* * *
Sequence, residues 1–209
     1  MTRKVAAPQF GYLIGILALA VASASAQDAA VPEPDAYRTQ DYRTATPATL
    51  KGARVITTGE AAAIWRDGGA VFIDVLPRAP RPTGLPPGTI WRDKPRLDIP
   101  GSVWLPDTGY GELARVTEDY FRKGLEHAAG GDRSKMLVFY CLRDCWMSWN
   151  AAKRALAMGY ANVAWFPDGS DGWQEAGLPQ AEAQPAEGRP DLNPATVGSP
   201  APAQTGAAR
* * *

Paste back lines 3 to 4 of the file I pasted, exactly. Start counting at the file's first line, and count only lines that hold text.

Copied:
    51  KGARVITTGE AAAIWRDGGA VFIDVLPRAP RPTGLPPGTI WRDKPRLDIP
   101  GSVWLPDTGY GELARVTEDY FRKGLEHAAG GDRSKMLVFY CLRDCWMSWN